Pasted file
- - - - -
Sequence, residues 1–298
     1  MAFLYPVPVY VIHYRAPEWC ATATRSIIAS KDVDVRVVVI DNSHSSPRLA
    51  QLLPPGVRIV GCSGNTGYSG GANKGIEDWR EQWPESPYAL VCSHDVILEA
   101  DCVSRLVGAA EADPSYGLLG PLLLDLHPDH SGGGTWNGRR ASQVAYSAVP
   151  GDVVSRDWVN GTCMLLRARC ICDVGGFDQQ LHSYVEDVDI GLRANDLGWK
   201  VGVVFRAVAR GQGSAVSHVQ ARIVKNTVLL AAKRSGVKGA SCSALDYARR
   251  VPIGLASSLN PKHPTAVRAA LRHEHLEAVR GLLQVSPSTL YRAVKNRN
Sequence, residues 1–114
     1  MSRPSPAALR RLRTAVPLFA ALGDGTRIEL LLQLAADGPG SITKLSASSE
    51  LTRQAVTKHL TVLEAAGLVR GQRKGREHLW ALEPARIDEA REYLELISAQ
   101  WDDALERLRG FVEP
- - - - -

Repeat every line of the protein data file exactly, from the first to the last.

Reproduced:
Sequence, residues 1–298
     1  MAFLYPVPVY VIHYRAPEWC ATATRSIIAS KDVDVRVVVI DNSHSSPRLA
    51  QLLPPGVRIV GCSGNTGYSG GANKGIEDWR EQWPESPYAL VCSHDVILEA
   101  DCVSRLVGAA EADPSYGLLG PLLLDLHPDH SGGGTWNGRR ASQVAYSAVP
   151  GDVVSRDWVN GTCMLLRARC ICDVGGFDQQ LHSYVEDVDI GLRANDLGWK
   201  VGVVFRAVAR GQGSAVSHVQ ARIVKNTVLL AAKRSGVKGA SCSALDYARR
   251  VPIGLASSLN PKHPTAVRAA LRHEHLEAVR GLLQVSPSTL YRAVKNRN
Sequence, residues 1–114
     1  MSRPSPAALR RLRTAVPLFA ALGDGTRIEL LLQLAADGPG SITKLSASSE
    51  LTRQAVTKHL TVLEAAGLVR GQRKGREHLW ALEPARIDEA REYLELISAQ
   101  WDDALERLRG FVEP